The Fall Line-Up
Members of the chattering class will spend October curled in fetal position, their only human contact coming in the form of a Guatemalan pizza deliveryman, growing fat and sloppy as they binge-watch this enigmatic drama. KC Nights features an ensemble cast that includes seven Oscar winners, two rappers/business moguls, and at least one retired Pope. The show displays all the hallmarks of the great American novel, only it is more literary and novelistic. Is there a character outside of Shakespeare’s stronger works as rich with torment as Detective Lincoln Gibb, about whom we know less with each passing episode? The whole series hurtles toward a climactic finale that you will not understand. Note that KC Nights airs on neither broadcast television nor cable, but rather an Internet streaming service that is thoroughly incompatible with the rest of your home entertainment system.
Critics are agog over this urban crime drama, which resembles not a traditional TV program so much as a masterpiece from the golden age of film, if only Valentino had talked onscreen and frequently employed the N-word. The series airs on an obscure cable network that was originally devoted to skeet shooting and now, for some reason, focuses on Street Vikings plus a portfolio of comparable, yet somehow unwatchable, shows. As it will cost $92 per month to add the channel to your cable bundle, wait a year and catch Street Vikings via download or DVD. In order to avoid spoilers, be sure not to go on the Internet during that period. Also, be advised to steer clear of the DVD commentary, in which you learn that all of the show’s fearsome street toughs are portrayed by effete British stage actors with Etonian accents and appetites for Pinter.
America’s Next Judge
You can give your mind a respite from the cerebral glories of modern television by visiting a ballet or art museum, or simply by digesting some old-fashioned network filth. America’s Next Judge finds six of the world’s top-grossing pop stars living together in a tacky mansion and competing in a series of increasingly inane games. All are vying for the dream job that will prove their ticket out of a tedious life touring stadiums before adoring fans: judging amateur singers on a televised talent competition. Who will get to sit in the chair of judgment alongside Lil Wayne and the Honorable David Souter? Consider yourself a paparazzo with his job on the line and America’s Next Judge Pippa Middleton’s compost bin. This reality show is garbage at which you cannot stop staring.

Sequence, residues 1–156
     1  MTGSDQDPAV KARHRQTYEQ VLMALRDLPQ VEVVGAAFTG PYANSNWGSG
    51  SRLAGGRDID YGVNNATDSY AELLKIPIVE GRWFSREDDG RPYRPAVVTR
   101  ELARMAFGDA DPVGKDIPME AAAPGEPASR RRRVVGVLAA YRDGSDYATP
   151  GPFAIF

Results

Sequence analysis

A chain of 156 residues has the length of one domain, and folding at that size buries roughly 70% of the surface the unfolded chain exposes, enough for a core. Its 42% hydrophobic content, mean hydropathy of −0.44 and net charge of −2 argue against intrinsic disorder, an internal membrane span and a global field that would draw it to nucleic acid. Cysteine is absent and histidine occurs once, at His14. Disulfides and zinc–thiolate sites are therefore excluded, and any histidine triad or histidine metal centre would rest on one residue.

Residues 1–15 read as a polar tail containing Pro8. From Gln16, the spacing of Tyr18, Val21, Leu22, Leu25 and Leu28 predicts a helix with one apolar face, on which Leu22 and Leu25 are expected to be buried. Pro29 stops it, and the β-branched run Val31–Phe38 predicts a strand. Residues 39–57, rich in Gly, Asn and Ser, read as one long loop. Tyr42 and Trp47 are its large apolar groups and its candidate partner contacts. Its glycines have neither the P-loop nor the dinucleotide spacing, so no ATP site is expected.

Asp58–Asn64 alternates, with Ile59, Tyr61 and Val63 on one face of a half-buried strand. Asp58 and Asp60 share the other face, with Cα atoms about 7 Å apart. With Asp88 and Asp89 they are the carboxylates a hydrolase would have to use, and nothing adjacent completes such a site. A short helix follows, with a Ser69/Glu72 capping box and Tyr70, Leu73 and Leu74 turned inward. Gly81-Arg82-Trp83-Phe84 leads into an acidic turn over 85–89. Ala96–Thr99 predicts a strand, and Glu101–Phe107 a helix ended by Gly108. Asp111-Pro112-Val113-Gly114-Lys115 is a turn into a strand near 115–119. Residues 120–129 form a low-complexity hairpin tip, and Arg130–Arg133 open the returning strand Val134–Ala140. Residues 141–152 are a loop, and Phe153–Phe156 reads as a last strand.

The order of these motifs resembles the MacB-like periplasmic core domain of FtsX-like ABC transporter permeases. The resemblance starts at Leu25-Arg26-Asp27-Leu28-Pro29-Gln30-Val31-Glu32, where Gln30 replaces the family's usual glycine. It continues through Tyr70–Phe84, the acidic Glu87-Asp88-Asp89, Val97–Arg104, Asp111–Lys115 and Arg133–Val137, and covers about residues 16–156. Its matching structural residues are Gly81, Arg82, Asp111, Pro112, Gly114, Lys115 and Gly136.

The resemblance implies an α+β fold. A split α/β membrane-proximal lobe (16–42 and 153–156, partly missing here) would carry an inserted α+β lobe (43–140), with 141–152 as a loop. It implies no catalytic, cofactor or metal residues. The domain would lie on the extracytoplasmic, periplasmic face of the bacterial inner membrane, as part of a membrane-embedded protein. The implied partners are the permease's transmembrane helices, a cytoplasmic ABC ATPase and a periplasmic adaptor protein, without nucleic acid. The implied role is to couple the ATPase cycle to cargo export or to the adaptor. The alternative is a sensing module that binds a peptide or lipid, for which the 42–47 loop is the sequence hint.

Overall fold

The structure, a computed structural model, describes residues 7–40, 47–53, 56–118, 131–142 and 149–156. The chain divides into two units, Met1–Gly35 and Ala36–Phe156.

Virtuosic show runner Adam Kirshenbaum swore off television after his last series got burned off in a time slot traditionally reserved for producers involved in cuckolding the network brass. But after slumming it in film—winning three Palm d’Or awards—he has returned to this more sophisticated medium, bringing rapid repartee and rampant nudity to 16th century Portugal. Kirshenbaum’s contract shields The Kingdom from any meddling by Hollywood suits, stipulating that no executive is permitted to watch an episode until two years after its air date. See the show that the CIA is currently smuggling into Syria, reasoning that once the entire populace is obsessing over plot twists, they will have no energy left for fighting. Remember that The Kingdom is viewable only via a video game console—to watch, befriend somebody with a teenage son.
This Can Happen to You, Too!
This cult comedy details the behind-the-scenes goings-on at Wealthy Mike, a fictional ’80s sitcom about a petite 9-year-old who is swept away from a life of shameful poverty when he is adopted by a fun-loving millionaire. The title refers to the idiotic catchphrase from the show-within-the-show, which is supposedly ghost-scripted by Donald Regan. This Can Happen to You, Too! features frequent cameos from Hollywood celebrities, gamely lampooning their images in the most degrading possible fashion. Hobbled by dismal ratings, the series was abruptly canceled midway through its first episode, only to be reinstated after its heartbroken fans protested by self-immolating inside the juice bars frequented by network honchos, and also by launching a campaign on Twitter. In its revived form, the full program airs strictly on the coasts, while only Wealthy Mike, the ghastly show-within-the-show, runs for the ignorami said to reside in flyover states.